Kleiner Perkins Caufield & Byers has filed a response to partner Ellen Pao’s allegations of gender discrimination and boy howdy, they did not hold back. We’ve obtained a copy, and here’s the meat and potatoes:
“KPCB generally denies each and every material allegation of the Complaint and further denies that Plaintiff has been damaged in the manner alleged, or in any manner or amount.”
The firm also “vigorously denies” that it discriminated or retaliated against Ms. Pao, as well as claiming that Ms. Pao never reported anything prior to 2011, and they also deny that she complained in 2007.
The response goes into great detail, refuting many of Ms. Pao’s accusations point-by-point:
- When she did complain in late 2011/early 2012, Ms. Pao was already represented by a lawyer, the filing claims.
- KP retained an outside investigator, who interviewed 17 partners, including every then-current KPCB female partner. The independent investigator concluded that her discrimination and retaliation complaints were without merit.
- KPCB denies that Raymond Lane pressured Ms. Pao to marry Mr. Nazre.
- She told Mr. Lane that she was putting the relationship with Mr. Nazre behind her, says the filing.
- That was in late 2011/early 2012, and that was the last any of the senior partners claim to have heard of the incident.
- In regards to the racy book she originally claimed to have received from Mr. Komisar, the response claims–well, it’s worth quoting in full: “That book [which the response identifies as The Book of Longing] was reviewed by the New York Times as ‘profound’ and having ‘exceptional range.'” The document also claims it was purchased as a gift for Ms. Pao by Mr. Komisar’s wife, and that Ms. Pao “never returned or objected to the gift in the many years after receiving it.
Regarding her performance reviews:
- In her 2009 self evaluation, she singled out the help she’d received from Komisar and other partners, saying that they are “supportive mentors and advisors.” She also “specifically requested Komisar review her performance after the incidents she alleges as harassment,” according to the filing.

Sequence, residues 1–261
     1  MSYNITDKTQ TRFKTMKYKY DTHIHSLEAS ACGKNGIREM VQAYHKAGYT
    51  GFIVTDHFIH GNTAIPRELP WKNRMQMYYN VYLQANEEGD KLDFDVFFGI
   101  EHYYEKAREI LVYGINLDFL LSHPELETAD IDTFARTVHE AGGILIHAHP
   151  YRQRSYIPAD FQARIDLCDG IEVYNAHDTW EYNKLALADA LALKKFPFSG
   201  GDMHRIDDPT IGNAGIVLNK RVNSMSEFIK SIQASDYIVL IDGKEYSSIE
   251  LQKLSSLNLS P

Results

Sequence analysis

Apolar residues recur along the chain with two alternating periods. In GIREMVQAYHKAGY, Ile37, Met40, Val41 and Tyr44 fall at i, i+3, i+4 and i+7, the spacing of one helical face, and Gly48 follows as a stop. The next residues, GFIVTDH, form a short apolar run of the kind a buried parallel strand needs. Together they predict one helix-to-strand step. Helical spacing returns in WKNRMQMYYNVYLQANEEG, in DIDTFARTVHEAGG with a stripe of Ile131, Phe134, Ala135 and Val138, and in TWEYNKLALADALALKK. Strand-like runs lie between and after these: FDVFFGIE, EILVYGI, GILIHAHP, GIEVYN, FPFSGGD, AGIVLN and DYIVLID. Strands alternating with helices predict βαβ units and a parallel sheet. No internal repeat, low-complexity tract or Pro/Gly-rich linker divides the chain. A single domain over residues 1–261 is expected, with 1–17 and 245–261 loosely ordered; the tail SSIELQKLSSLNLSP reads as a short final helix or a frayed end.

- Initially, according to the filing, her reviews were encouraging: “Plaintiff’s 2009 review encouraged Plaintiff to speak up more effectively and influentially, step out more in a leading role, present more new investment ideas, and take more risks by incubating a high potential venture and owning it–hardly retaliatory input.” But it also “encouraged her to focus on her interpersonal and ‘EQ’ skills to more effectively direct and motivate teams.” Then, in 2010, her review “advised Plaintiff that she was too ‘territorial’, that others did not ‘trust her motivations’ and that she had a ‘sense of entitlement rather than earning her position via contribution, expertise, and making her fellow partners successful.'”
Regarding the party Ms. Pao alleges she was not invited to, lest she kill the buzz:
- KPCB denies that Ms. Pao was ever excluded from any company activities based on her gender.
- The dinner Ms. Pao alleges she was not invited to because she was a woman did in fact have female partners in attendance.
- KPCB also denies that it “excluded women from two dinners in San Francisco in 2011 or that any KPCB event was marred or motivated by gender animus or discrimination.”
The also firm asserts that Ms. Pao was contractually obligated to seek third-party arbitration, and that by lodging a public suit, she has breached her contract. KPCB also claims that Ms. Pao was failed to competently perform the duties of her job.
KPCB is requesting “the Complaint be dismissed with prejudice and that Plaintiff take nothing,” “That judgment be entered in favor of KPCB on all claims; That KPCB be awarded its attorneys’ fees and costs of suit.”
Besides the answer to Ms. Pao’s complaint, documents filed include a motion to compel arbitration and a motion “to seal records lodged with the court filed by the defendant Kleiner Perkins.” There’s a hearing set for both issues on July 10.
Today was the deadline for KPCB to file a response, but they could have responded with a request for an extension. Instead, they’ve chosen to answer Ms. Pao’s allegations. Until now, the storied VC firm had been largely silent, except for a strongly worded (though largely detail-free) statement from John Doerr, which called Ms. Pao’s allegations false. Now we have a lot more details.
As of last week, Ms. Pao was still working at Kleiner Perkins.
Here’s the full document: